or Connect
AppleInsider › Forums › Software › Mac Software › Microsoft to launch Office for Mac 2011 in late October
New Posts  All Forums:Forum Nav:

Microsoft to launch Office for Mac 2011 in late October

post #1 of 61
Thread Starter 
Microsoft announced Monday that Office for Mac 2011 will arrive at the end of October with a lower price per installation for all editions, starting at $119.

The latest version of Microsoft Office will be available in more than 100 countries at the end of October. Two editions will be available for purchase: Office for Mac Home and Student 2011, starting at $119, and Office for Mac Home and Business 2011, starting at $199.

Microsoft said the new pricing and edition options available with Office for Mac 2011 are closer to the software's Windows counterpart. In addition, customers who purchase Office 2008 for Mac will be able to upgrade to Office 2011 at no cost through the Microsoft Office for Mac Technology Guarantee Program.

"We develop Office for Mac to give you the tools to create great-looking and compatible documents -- with options to pick the right edition for your Mac needs," said Eric Wilfrid, general manager with the Macintosh Business Unit at Microsoft. "More than ever before, Office 2011 brings the familiar productivity tools and features of Microsoft Office to a suite of applications that work great on the Mac."

The 32-bit software suite will be available in 13 launguages: Danish, Dutch, English, Finnish, French, German, Italian, Japanese, Norwegian, Spanish and Swedish. Two new languages were also added to the mix for this year's update: Polish and Russian.

Customers who buy Office 2008 for Mac between Aug. 1, 2010 and Nov. 30, 2010 at Microsoft or an authorized reseller are qualified for a free upgrade to the latest version. Customers can register online and must submit a form with their product key and dated sales receipt by Dec. 31, 2010.

Starting at $119, Microsoft Office for Mac Home and Student 2011 includes Word, PowerPoint, Excel and Messenger. A Family Pack will also be available for $149, with three installs.

For $199, Microsoft Office for Mac Home and Business 2011 includes Word, PowerPoint, Excel and Messenger, and also adds Outlook into the mix. The return of Outlook will be an application written from the ground up in Cocoa for Mac OS X. A family pack for the Business edition of Office for Mac 2011 will run $279, with two installs available. Home and Student customers can also upgrade to the higher-end product through the online upgrade functionality.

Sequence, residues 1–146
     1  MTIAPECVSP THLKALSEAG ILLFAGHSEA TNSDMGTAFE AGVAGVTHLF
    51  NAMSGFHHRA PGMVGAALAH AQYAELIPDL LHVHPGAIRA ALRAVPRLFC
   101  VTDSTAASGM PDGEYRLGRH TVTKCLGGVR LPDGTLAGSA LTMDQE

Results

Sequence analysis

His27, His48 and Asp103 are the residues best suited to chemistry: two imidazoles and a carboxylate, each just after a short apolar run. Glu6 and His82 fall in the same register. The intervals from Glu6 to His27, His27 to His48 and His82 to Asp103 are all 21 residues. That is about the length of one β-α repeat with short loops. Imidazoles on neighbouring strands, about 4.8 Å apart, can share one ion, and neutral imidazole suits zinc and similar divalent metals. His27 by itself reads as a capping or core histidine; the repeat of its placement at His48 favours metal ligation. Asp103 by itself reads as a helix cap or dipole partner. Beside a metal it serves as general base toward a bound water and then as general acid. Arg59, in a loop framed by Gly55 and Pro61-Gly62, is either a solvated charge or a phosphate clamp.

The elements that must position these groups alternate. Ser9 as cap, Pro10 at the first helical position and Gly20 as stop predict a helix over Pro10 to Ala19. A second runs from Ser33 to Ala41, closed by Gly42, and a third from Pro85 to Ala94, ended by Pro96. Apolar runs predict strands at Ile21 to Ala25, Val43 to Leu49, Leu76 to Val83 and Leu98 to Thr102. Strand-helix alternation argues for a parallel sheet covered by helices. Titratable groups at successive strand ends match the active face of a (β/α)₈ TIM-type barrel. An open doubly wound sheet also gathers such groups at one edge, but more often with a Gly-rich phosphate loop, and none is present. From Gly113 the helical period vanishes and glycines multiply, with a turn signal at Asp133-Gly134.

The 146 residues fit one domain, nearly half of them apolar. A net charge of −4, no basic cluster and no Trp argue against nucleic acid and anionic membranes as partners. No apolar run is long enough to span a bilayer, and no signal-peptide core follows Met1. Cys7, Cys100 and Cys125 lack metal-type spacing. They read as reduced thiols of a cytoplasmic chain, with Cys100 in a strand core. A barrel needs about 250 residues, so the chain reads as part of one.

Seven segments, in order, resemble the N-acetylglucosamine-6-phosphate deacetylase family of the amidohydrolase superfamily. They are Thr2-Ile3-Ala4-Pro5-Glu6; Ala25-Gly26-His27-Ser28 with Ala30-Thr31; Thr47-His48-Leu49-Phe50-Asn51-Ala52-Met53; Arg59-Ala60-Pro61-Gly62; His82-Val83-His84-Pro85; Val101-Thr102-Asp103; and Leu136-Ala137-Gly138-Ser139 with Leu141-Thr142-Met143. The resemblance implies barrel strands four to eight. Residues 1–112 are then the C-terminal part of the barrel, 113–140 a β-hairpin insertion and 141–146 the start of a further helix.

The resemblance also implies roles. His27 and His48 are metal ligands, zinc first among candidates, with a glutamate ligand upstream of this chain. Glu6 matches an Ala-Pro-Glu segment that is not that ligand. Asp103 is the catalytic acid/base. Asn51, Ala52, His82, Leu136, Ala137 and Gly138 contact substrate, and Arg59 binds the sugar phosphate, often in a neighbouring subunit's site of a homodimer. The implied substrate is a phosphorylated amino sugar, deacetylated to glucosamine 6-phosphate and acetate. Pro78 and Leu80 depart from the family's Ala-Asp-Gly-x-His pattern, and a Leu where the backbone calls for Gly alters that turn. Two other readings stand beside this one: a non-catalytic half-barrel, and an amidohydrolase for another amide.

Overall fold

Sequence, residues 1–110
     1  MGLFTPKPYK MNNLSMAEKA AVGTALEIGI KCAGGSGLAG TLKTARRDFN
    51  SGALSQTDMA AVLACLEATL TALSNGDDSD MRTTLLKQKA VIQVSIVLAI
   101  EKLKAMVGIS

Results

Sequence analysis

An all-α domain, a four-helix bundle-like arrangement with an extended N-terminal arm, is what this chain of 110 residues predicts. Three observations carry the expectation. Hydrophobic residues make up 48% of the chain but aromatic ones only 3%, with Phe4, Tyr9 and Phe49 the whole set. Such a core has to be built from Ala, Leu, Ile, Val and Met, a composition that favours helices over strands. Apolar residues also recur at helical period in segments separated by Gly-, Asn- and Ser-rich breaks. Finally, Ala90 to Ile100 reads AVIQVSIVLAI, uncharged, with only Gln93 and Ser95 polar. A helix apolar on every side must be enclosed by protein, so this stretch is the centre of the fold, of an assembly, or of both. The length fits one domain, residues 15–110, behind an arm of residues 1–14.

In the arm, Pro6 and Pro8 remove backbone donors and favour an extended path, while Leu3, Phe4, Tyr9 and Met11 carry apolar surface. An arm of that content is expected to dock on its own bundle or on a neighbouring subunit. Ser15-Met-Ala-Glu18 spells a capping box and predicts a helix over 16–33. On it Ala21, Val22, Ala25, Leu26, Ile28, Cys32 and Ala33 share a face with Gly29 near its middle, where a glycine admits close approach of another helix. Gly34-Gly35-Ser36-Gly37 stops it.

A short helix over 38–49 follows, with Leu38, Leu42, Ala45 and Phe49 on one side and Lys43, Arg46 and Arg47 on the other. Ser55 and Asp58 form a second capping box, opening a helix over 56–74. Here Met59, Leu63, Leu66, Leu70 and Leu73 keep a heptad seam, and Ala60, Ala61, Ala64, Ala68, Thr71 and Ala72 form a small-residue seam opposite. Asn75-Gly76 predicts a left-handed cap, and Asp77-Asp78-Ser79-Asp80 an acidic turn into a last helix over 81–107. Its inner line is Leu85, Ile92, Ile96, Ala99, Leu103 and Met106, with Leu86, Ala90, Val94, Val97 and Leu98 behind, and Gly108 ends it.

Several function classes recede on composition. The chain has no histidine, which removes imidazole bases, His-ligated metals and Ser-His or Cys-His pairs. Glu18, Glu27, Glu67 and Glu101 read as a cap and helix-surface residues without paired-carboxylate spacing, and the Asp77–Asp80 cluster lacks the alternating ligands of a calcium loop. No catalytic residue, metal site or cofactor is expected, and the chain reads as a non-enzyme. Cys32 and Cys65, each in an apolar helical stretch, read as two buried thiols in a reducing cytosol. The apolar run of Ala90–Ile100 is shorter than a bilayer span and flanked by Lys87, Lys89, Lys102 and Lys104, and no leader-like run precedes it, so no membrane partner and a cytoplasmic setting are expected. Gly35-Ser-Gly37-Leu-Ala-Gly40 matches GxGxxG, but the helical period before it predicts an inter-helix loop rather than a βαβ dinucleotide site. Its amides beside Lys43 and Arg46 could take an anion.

Finally, authorized academic stores will also sell a discounted version of the suite, dubbed Microsoft Office for Mac Academic 2011, for higher education students, staff and faculty. For $99, users get one installation including Word, PowerPoint, Excel, Messenger and Outlook.

For more, see AppleInsider's extensive coverage of Office for Mac 2011:

Office for Mac 2011 to feature co-authoring, ribbon interface

Road to Office 2011 for Mac: A New Hope

Road to Office 2011: New looks, support for Exchange, VBA

Microsoft officially unveils key Office 201 for Mac features
post #2 of 61
Those prices seem very competitive.
post #3 of 61
That lower price tells me that Apple's pricing pressure with iWork ($79) is starting to scare Mafia$oft.

In the interest of fairness, I will say that the Mac version of Office has really improved over that last couple of years. Now, I don't puke a little into my mouth every time I look at.
post #4 of 61
An extra $80 to get outlook? A bit steep....
post #5 of 61
It's pretty lame that on the Apple store website (at least in Denmark), MS Office only shows up if you specifically search for it - if you just browse under the Productivity category, only iWork shows up. Not only that, but the Home/Student version is about 50% more expensive than it is at any other retailer...

Apple.dk doesn't even offer Adobe lightroom - I guess they're trying to save Aperture in a similar fashion.
post #6 of 61
Quote:
Originally Posted by qualar View Post

Those prices seem very competitive.

Quote:
Originally Posted by Cubert View Post

That lower price tells me that Apple's pricing pressure with iWork ($79) is starting to scare Mafia$oft.

In the interest of fairness, I will say that the Mac version of Office has really improved over that last couple of years. Now, I don't puke a little into my mouth every time I look at.

Finally the prices make a bit more sense. The Office for business Mac users was outrageously priced... And the home and student edition "force bundled" 3 home/student licenses so individual users ended up paying more.

Certainly iWork has put some strong pressure on Microsoft. The hideousness that is PowerPoint laid bare by the elegance of Keynote.

However, more affordable Office = more Mac purchases = more Office for Mac purchases.

Now when can we ever get rid of Office completely, that is another question.
post #7 of 61
It used to be that you could install Office on both your desktop and laptop with one license. It looks like those days are over -- the net result being that the cost will double for users who relied on this feature.
post #8 of 61
Quote:
Originally Posted by Superbass View Post

It's pretty lame that on the Apple store website (at least in Denmark), MS Office only shows up if you specifically search for it - if you just browse under the Productivity category, only iWork shows up. Not only that, but the Home/Student version is about 50% more expensive than it is at any other retailer...

Apple.dk doesn't even offer Adobe lightroom - I guess they're trying to save Aperture in a similar fashion.